Week 11: The Terror

I want to start this week by sharing a more personal perspective with regards to this week’s reading. I had to take a step back and really think about the timeline of these events. In the 1960’s my parents were born (and my dad was born in Mexico). In the 1970’s, my parents had their childhood. In the 1990’s, I was born. When studying history, I always think about how long ago it was, but suddenly, studying Latin America, ‘history’ is not so long ago. And it’s also scary – especially considering how recent these events are, and how people continue to be vulnerable to such terror and such injustices.

I also wanna briefly mentioned that I studied a bit of the Cold War in grade 10, but my study focused mostly on the broader known ideas – Russia vs. USA, the space race, the Cuban Missile Crisis, but it did not at all talk about the other adverse effects that it had in Latin America. I feel like the Cold War helped increase tensions (and elevate fears) between communism and capitalism/neoliberalism, which brings me to Peru. When reading about the Shining Path and Fujimori, I couldn’t help but think of what Dawson mentioned in the opening of the Chapter – “[transforming] certain victims … into romantic figures, idealists… may allow us to tell stories with definitive heroes and villains, to satisfy our desire for moral clarity. What we risk is gaining that clarity ta the expense of understanding the past for all its ambiguity.” I wholeheartedly agree with this, not only in the context of Peru, but in the grand scheme of history – and I even wrote an essay about this last year, with regards to how a historian must look at all aspects to a story in order to gain a more holistic understanding of the events that took place. No account is more important than the next, as they all contribute to a broader understanding of history. In the context of Peru, I am brought back to the Shining Path and Fujimori.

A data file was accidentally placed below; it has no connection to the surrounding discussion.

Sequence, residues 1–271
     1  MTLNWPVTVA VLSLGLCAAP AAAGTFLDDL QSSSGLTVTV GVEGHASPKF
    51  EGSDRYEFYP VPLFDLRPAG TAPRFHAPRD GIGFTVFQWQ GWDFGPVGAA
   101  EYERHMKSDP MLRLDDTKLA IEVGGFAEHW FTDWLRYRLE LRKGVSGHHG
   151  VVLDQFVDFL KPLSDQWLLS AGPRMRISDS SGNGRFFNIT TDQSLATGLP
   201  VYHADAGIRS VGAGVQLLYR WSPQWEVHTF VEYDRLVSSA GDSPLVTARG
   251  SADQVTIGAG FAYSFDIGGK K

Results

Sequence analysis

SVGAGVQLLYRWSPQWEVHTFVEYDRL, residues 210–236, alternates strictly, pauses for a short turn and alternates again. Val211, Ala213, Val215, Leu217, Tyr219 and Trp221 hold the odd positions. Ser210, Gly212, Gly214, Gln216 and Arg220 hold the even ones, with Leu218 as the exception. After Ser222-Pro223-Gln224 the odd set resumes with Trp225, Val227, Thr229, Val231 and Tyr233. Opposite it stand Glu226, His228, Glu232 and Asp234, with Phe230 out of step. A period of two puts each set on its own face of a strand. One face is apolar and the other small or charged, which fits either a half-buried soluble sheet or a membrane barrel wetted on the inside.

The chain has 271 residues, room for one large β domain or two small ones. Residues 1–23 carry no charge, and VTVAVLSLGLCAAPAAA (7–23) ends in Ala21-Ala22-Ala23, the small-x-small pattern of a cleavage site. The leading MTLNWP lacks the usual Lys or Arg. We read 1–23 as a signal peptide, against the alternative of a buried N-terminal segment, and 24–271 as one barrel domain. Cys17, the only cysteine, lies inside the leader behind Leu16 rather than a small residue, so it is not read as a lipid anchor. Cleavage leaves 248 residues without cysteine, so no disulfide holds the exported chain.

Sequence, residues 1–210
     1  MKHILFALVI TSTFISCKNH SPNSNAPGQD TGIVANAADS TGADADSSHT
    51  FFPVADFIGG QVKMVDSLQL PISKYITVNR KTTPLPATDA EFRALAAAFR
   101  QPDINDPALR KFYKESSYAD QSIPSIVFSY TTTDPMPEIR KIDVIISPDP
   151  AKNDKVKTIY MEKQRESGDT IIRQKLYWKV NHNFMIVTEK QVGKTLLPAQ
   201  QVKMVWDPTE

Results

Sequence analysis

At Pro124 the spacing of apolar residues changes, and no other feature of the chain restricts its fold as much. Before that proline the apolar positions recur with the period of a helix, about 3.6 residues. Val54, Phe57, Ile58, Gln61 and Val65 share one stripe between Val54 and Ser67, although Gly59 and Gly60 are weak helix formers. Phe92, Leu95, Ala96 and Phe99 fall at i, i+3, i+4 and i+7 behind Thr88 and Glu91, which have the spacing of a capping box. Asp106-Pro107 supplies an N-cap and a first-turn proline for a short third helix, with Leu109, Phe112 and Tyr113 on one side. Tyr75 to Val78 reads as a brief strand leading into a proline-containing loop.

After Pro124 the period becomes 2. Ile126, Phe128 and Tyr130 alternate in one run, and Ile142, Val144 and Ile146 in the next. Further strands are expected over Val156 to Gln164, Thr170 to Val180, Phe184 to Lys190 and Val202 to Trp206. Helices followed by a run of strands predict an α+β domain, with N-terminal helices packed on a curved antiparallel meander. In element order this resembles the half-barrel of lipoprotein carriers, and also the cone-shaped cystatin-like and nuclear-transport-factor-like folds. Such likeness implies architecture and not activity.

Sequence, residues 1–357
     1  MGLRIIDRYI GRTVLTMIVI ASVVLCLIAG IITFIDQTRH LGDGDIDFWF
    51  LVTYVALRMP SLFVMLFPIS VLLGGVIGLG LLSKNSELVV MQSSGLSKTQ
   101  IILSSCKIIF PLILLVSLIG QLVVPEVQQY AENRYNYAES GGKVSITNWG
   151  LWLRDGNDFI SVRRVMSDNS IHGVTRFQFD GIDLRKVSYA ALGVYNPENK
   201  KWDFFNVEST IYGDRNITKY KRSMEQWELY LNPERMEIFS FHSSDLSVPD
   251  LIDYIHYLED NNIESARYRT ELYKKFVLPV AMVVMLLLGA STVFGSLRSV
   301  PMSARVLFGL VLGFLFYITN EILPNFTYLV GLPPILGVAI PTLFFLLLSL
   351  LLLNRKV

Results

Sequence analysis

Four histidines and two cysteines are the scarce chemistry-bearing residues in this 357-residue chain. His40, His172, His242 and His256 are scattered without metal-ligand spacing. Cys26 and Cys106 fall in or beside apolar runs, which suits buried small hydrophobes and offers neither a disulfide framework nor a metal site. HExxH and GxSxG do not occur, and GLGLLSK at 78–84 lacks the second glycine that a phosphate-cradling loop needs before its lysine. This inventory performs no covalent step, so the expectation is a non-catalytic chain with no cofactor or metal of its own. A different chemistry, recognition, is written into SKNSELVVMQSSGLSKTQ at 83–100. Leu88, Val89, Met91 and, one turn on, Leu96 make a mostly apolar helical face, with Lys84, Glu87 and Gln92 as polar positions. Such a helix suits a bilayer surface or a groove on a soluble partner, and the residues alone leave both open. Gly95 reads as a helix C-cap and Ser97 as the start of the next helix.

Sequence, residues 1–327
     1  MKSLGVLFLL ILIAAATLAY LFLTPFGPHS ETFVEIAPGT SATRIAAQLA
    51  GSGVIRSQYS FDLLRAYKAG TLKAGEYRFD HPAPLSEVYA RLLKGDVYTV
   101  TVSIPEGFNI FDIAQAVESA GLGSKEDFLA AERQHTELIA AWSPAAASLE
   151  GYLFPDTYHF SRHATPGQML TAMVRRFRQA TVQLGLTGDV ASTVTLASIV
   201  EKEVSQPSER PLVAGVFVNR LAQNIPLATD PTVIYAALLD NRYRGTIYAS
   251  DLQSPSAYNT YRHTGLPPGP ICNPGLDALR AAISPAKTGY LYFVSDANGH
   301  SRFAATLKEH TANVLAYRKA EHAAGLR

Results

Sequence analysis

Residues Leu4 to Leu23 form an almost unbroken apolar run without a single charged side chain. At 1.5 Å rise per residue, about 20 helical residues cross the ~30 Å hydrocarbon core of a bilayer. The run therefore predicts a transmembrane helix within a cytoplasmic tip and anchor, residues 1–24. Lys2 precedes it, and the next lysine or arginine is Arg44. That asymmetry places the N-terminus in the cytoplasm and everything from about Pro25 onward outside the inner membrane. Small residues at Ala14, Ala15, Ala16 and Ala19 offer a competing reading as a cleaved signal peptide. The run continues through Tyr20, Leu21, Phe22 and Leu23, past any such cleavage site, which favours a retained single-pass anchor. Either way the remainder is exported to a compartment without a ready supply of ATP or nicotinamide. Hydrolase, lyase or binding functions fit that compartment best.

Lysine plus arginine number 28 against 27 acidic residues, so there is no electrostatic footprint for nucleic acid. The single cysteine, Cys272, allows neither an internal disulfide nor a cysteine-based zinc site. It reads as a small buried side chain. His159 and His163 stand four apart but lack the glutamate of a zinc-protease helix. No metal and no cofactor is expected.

The Shining Path was an extreme left political party, with Maoist ideologies of communism and guerilla warfare tactics. They committed many acts of terror, including a massacre in 1983 (Again, doesn’t seem so long ago), however, they were ultimately (trying to) fight for the peasants and the ‘forgotten’. Yet, a large portion of the population feared the Shining Path (which is partially why The leader of the Shining Path, Abimael Guzmán,  was captured shortly after Fujimori’s autogolpe in 1992. This, in turn, gives Fujimori a more idealised ‘heroic’ character (to some), however, Fujimori himself was known to violate human rights, as approximately 70,000 people were killed, caught in the crossfire of the internal Peruvian conflicts. So where does this leave us?! Why is this such a mess? Of course, we want to think as history as a series of bad events (and in Latin America, there were many) followed by the heroic leader who leads a civilization to progress, success and prosperity, but this is not the case, especially not in Peru, further showing how one cannot classify a character as purely evil or purely good, but rather, a combination of the two.

I will finish this post with a question for you – do you believe there will come an individual who could truly ‘save’ Latin America? One whom we wouldn’t have to see from multiple perspectives as there would only be one, positive perspective? Or do you believe in the repeating of history, where there will be times of relative calm and times of terror, as the history of Latin America shows us?

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